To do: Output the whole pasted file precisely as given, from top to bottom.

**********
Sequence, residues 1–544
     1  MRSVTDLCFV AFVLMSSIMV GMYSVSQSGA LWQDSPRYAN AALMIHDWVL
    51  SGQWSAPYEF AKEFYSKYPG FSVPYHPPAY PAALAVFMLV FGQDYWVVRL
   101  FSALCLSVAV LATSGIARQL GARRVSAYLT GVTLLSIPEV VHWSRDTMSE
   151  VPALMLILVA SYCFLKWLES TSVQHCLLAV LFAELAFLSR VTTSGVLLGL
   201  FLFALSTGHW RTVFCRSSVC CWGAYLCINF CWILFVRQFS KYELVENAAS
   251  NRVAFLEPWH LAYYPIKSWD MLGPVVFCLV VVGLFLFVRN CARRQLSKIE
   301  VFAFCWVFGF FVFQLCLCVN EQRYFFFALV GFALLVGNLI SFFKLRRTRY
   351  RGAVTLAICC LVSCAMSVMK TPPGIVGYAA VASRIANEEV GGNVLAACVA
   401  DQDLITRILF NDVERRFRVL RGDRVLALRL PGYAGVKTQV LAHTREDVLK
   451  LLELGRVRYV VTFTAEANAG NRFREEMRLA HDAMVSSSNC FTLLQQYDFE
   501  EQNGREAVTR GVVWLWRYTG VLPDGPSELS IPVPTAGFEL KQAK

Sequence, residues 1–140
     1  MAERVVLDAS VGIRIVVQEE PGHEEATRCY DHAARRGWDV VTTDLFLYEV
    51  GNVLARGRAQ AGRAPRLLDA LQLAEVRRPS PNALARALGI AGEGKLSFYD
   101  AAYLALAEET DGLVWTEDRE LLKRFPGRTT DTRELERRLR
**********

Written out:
Sequence, residues 1–544
     1  MRSVTDLCFV AFVLMSSIMV GMYSVSQSGA LWQDSPRYAN AALMIHDWVL
    51  SGQWSAPYEF AKEFYSKYPG FSVPYHPPAY PAALAVFMLV FGQDYWVVRL
   101  FSALCLSVAV LATSGIARQL GARRVSAYLT GVTLLSIPEV VHWSRDTMSE
   151  VPALMLILVA SYCFLKWLES TSVQHCLLAV LFAELAFLSR VTTSGVLLGL
   201  FLFALSTGHW RTVFCRSSVC CWGAYLCINF CWILFVRQFS KYELVENAAS
   251  NRVAFLEPWH LAYYPIKSWD MLGPVVFCLV VVGLFLFVRN CARRQLSKIE
   301  VFAFCWVFGF FVFQLCLCVN EQRYFFFALV GFALLVGNLI SFFKLRRTRY
   351  RGAVTLAICC LVSCAMSVMK TPPGIVGYAA VASRIANEEV GGNVLAACVA
   401  DQDLITRILF NDVERRFRVL RGDRVLALRL PGYAGVKTQV LAHTREDVLK
   451  LLELGRVRYV VTFTAEANAG NRFREEMRLA HDAMVSSSNC FTLLQQYDFE
   501  EQNGREAVTR GVVWLWRYTG VLPDGPSELS IPVPTAGFEL KQAK

Sequence, residues 1–140
     1  MAERVVLDAS VGIRIVVQEE PGHEEATRCY DHAARRGWDV VTTDLFLYEV
    51  GNVLARGRAQ AGRAPRLLDA LQLAEVRRPS PNALARALGI AGEGKLSFYD
   101  AAYLALAEET DGLVWTEDRE LLKRFPGRTT DTRELERRLR